Today, I want to make what, to my economics-ish friends, are probably some painfully obvious points. However, I had never explicitly considered this angle on college/education before taking economics of education last semester, and I suspect that it’s something many others of even my rather intelligent friends and colleagues have also failed to consider in depth.
The value of education is not purely as an investment. Education also provides some degree of consumption value.
This observation kind of throws a wrench in human capital theory, because it will be difficult to decide whether certain forms of education spending were worth it in the absence of information about the value that that education had to students in virtue of merely consuming it, apart from any job they subsequently got or whatever. The consumption value of education is subjective, and will vary widely from person to person. But the fact that education’s consumption value is difficult, or impossible, to observe and measure does not give us good reason to ignore it.
The consumption value of education came to my mind frequently as I recently read “Academically Adrift: Limited Learning on College Campuses.” Throughout the book, the authors stress that college students today emphasize the social value of college to an extreme degree, some of them going so far as to say that the relationships that they form and experience in college are significantly more important than anything they may learn in the classroom. Unfortunately, gaining extensive social experience in college is, to some extent, at odds with performing well academically: for instance the authors show that, while participating in a fraternity or sorority may improve academic performance somewhat, studying in groups is less effective than studying alone. And, because our time is finite, hours spent socializing are mostly hours spent not studying, reading, or writing, activities which occupy less of college students’ time today than in the recent past, apparently to their detriment.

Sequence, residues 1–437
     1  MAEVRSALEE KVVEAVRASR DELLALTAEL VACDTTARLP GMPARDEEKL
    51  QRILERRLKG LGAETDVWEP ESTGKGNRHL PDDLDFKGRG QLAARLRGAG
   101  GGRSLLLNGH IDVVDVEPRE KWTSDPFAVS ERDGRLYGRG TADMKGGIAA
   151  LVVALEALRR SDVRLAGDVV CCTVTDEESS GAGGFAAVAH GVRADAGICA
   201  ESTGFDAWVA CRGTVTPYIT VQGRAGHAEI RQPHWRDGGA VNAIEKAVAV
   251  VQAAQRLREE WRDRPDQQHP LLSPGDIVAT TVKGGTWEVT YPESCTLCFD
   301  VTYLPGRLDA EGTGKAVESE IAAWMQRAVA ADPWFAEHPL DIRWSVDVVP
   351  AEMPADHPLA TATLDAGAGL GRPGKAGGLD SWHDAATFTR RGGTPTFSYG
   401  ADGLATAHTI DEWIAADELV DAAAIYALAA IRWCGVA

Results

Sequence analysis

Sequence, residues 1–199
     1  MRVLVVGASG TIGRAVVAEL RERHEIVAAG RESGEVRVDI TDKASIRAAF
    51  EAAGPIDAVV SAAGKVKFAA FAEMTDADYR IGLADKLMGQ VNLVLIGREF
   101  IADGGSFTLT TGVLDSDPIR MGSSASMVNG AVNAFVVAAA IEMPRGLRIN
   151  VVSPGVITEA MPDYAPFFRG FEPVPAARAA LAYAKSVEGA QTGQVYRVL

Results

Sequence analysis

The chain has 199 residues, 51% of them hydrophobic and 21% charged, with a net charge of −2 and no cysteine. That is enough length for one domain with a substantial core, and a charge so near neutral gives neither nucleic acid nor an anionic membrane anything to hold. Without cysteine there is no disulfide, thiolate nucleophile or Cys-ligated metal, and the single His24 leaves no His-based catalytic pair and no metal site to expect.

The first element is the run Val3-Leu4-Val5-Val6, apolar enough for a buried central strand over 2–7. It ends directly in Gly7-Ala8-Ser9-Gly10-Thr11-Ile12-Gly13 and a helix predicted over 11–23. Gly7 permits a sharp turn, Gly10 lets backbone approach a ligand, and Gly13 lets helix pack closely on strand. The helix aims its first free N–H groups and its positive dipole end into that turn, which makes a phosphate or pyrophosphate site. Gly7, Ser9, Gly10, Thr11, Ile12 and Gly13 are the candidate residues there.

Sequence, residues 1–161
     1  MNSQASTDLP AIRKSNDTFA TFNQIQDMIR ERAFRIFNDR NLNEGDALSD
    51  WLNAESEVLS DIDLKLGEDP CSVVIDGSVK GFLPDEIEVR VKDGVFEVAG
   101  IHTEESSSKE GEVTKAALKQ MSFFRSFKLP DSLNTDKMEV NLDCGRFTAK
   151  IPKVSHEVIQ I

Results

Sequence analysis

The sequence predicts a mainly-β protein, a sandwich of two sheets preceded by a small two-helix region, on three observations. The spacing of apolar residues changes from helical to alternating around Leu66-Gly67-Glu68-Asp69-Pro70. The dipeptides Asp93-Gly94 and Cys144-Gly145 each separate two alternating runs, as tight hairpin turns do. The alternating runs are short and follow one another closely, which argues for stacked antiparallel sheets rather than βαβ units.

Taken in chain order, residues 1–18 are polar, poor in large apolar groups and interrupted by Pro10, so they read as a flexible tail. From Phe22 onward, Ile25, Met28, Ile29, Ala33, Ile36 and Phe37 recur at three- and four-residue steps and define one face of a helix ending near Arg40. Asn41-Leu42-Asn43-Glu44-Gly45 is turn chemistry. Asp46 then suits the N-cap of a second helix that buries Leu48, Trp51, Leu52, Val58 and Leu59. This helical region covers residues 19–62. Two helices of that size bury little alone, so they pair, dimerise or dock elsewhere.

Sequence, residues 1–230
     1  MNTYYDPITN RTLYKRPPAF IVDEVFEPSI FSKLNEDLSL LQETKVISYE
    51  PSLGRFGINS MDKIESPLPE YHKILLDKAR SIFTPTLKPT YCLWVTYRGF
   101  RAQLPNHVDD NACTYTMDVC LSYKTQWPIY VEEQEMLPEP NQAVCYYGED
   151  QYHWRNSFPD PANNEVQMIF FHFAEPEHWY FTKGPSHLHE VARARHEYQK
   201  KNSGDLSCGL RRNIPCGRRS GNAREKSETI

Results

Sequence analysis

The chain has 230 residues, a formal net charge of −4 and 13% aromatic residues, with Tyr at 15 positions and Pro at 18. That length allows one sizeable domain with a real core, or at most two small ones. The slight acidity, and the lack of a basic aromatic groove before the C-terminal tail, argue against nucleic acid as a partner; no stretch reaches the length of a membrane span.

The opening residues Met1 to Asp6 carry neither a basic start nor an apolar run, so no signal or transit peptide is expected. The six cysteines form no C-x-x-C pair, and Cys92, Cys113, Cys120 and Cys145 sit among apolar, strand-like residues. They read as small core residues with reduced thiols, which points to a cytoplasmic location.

Now, socializing at college may itself have some investment value, particularly at elite colleges (i.e., “it’s not what you know, it’s who you know”). But college students engage in many social activities simply because they are enjoyable. As such, social opportunities and experiences constitute much of the consumption value of going to college, and students self-report that this is a very important aspect of college life to them. Yet, practically daily now there is a story in every major news outlet, describing the shock, frustration, anger, and sadness of college graduates upon realizing that they are unable to trade their college credentiala for a high-paying job, or even any job (here’s an example from the NYT).
My assessment of the situation: Stuff doesn’t acquire investment value just because you want it to. Students and parents realize, on some level, that the value of college consists to a large extent in consumption. This is why they speak frequently of the college “experience” and make college decisions taking things like sports, dorms, and dining hall food into account. But then, when it’s time for the degree to hit the fan and for interested parties to see what kind of investment value that expensive education really had, they are unable to bite the bullet and admit that college is greatly about consumption.
Notice that another aspect of the consumption value of education consists in students’ simply enjoying attending classes (your author is the queer sort of creature who often enjoys it immensely) and partaking in other academic experiences available only through institutionalized education. This should be kept in mind when we think about students’ decisions to attend graduate school and pursue careers in academia, despite the dismal job prospects. Many of the requisite educational expenditures should be understood as (maybe) overpaying for educational experiences, rather than as failed investments.